- George's Schoolhouse Raid
The George's Schoolhouse Raid was a January 17, 1865
American Civil Warattack on the Union garrison in Lovettsville, Virginiaby Confederate partisans led by John Mobberlyoperating in Loudoun County. The raid was tactically inconclusive.
At the end of 1864, the beginning of a very cold winter was setting in.
Colonel Elijah V. Whiteand his 35th Battalion of Virginia Cavalrywere in winter quarters with the Confederate army in the Shenandoah Valley, watching their rations dwindle. White, facing the desertion and starvation of his ranks, managed to obtain permission to take the 35th back to home to Loudoun County so that he might try and obtain forage and resume partisan activities. The Federals too were settling into winter quarters, though with far greater rations and prospects for the spring campaign season. Around Christmas 1864, Col. Thomas C. Devin's cavalry brigade from the Harpers Ferrygarrison, who regularly patrolled Loudoun, made camp outside the Unionist village of Lovettsville in the vicinity of George's Schoolhouse, just east of the Short Hill Mountain.
Upon returning to the county on January 3, 1865, White and his men witnessed the devastation of the Burning Raid and the toll from the Federal incursion in the county. A little more than a week later, on January 12, members of the 35th were attending a party in Hillsboro. They were surprised by the
Loudoun Rangers, leaving one dead and two captured. Colonel White became convinced not to spend the winter in the midst of the enemy without taking action. The Federals were wholly unable to disrupt communication between the partisan groups operating in the county, and White was able to bring together a raiding party of 80 or so men composed of members of the 35th, Mosby's Rangers and John Mobberly's independent command.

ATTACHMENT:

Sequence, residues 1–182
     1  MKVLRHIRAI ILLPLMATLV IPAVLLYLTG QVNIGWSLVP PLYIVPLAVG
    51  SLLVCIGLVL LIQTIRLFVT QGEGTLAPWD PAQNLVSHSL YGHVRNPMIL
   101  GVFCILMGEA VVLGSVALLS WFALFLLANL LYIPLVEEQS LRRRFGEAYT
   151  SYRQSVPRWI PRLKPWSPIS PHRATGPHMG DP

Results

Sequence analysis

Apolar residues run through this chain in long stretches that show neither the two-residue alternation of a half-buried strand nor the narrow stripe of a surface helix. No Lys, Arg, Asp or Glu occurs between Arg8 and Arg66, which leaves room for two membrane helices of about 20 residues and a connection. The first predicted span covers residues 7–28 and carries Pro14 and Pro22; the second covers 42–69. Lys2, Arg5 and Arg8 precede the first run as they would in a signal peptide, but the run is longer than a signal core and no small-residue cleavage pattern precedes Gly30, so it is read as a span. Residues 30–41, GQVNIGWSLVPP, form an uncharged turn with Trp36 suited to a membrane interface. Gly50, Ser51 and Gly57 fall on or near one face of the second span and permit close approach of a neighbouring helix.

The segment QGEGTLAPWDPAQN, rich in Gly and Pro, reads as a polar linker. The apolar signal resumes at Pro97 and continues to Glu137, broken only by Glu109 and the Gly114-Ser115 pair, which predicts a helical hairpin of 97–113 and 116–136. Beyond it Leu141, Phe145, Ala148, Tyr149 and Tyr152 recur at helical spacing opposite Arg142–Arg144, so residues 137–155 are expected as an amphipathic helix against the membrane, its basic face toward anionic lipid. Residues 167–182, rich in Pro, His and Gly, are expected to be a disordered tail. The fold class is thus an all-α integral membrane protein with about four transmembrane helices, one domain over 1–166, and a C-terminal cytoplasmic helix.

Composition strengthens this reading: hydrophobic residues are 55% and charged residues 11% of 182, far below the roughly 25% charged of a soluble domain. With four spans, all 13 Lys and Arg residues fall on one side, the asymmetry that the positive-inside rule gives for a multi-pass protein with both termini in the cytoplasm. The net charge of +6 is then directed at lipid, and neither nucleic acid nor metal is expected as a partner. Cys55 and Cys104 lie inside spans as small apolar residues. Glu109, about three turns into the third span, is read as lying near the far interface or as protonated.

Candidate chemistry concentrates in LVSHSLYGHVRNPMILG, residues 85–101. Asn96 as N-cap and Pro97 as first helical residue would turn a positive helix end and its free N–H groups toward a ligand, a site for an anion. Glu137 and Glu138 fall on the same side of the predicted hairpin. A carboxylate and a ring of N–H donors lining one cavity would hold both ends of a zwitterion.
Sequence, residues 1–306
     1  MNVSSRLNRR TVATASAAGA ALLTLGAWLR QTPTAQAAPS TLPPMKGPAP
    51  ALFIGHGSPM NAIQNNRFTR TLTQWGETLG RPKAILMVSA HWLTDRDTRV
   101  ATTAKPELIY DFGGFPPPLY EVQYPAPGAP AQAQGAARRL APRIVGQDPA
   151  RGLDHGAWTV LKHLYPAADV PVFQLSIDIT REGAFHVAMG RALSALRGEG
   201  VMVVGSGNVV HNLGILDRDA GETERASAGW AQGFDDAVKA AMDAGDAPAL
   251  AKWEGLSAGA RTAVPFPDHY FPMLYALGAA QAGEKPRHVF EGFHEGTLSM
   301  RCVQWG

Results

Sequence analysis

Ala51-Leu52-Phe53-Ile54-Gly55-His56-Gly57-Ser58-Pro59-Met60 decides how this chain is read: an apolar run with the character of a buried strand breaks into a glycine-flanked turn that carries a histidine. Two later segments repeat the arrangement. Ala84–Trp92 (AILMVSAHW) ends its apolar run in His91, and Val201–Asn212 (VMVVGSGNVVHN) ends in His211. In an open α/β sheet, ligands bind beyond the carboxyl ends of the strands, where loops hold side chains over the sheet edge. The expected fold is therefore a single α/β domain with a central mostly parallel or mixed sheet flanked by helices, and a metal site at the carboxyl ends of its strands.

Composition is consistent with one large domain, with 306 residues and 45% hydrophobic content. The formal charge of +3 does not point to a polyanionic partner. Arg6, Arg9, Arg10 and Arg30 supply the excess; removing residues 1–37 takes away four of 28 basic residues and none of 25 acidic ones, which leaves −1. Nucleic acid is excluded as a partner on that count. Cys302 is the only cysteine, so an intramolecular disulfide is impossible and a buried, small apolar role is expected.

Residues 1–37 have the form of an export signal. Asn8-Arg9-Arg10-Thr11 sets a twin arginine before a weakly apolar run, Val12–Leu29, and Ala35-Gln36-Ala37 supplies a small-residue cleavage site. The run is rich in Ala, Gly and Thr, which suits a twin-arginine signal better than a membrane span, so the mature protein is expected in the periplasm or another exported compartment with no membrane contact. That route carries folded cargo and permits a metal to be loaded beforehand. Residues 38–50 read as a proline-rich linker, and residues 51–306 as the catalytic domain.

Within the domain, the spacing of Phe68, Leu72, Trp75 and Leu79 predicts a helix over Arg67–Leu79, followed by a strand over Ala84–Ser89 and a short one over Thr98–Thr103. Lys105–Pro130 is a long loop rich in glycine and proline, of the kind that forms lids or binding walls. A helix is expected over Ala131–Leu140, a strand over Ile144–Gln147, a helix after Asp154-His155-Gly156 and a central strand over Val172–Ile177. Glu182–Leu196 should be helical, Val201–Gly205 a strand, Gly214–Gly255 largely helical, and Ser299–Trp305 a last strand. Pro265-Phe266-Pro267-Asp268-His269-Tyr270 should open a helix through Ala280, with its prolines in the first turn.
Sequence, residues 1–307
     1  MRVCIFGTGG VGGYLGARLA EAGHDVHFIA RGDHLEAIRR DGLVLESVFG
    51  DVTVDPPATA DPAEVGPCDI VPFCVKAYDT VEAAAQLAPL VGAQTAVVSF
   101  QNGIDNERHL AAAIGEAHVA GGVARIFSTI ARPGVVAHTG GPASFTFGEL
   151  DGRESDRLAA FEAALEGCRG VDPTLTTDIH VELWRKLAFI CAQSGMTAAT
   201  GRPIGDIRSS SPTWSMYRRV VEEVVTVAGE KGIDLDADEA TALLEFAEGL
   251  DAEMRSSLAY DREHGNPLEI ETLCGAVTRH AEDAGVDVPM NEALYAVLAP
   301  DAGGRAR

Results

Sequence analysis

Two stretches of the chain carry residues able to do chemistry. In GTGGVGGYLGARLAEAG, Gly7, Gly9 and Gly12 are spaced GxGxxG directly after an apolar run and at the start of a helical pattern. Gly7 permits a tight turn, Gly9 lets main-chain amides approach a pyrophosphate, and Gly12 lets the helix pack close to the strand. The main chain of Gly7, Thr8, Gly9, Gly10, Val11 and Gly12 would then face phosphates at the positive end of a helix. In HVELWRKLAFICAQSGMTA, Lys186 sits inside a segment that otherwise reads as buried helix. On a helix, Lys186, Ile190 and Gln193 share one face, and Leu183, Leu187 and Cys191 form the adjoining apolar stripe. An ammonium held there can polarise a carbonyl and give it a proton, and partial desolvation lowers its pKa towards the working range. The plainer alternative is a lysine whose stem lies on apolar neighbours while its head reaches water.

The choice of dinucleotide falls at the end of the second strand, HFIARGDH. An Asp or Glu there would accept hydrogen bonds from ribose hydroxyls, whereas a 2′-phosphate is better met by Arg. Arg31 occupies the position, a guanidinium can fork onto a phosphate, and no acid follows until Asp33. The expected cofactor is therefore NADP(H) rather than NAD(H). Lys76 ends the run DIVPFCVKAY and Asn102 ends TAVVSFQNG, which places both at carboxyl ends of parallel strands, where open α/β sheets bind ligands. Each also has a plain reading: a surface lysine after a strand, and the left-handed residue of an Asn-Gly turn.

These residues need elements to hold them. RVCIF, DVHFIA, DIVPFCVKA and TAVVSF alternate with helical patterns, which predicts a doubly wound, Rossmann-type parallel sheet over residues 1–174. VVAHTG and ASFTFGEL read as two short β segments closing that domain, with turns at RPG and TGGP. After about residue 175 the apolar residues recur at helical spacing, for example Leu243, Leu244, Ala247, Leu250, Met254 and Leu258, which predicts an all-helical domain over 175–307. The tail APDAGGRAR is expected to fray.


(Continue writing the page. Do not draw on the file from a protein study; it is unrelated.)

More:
On the night of January 17, the raiding party led by Mobberly made its way up the
Between the Hillsvalley from Hillsboro to Nearsville, where they crossed the Short Hill on a footpath known only to locals such as Mobberly. Upon reaching the eastern side of the mountain, the group sneaked up on the pickets of Devin's camp and captured them before they could sound an alarm. As they approached the reserve post on the Harpers Ferry-Lovettsville Road, they did not have such fortune, and the post could not be taken without gunfire. Believing their cover blown (though it had not been), the party charged the Union camp, only to discover it had recently been reinforced with an additional 200 men, bringing the total to 400. Under the cover of dark and a blanket of fresh snow, the raiding party was able to surprise and capture 150 men and horses of the recently arrived reinforcements.
Union officer Captain Bell was able to assemble his undressed men and began to advance on the raiding party with pistols and carbines drawn. Unable to withstand an assault by some 250 Union troops and hold 150 prisoners and horses, the raiding party broke off the attack, abandoning all of their prisoners except 50 horses and a dozen men. They made a quick retreat back to Woodgrove and disbanded, with the Federals unable to give meaningful chase in their unprepared condition.
The raid was largely unsuccesful, but it did highlight the Federals' continuing inability to effectively deal with partisans in Loudoun. For the 35th, the raid was their last in the county. At the end of the winter, they were mustered into regular service and re-absorbed into the Laurel Brigade, of which White would assume command. For Mobberly, it was his last concerted action against the Federals in the county before he was gunned down on April 15.
*Crouch, Richard E., "Rough-Riding Scout: The Story of John W. Mobberly, Loudoun's Own Civil War Guerrilla Hero." Elden Additions: Arlington, Va., 1994.
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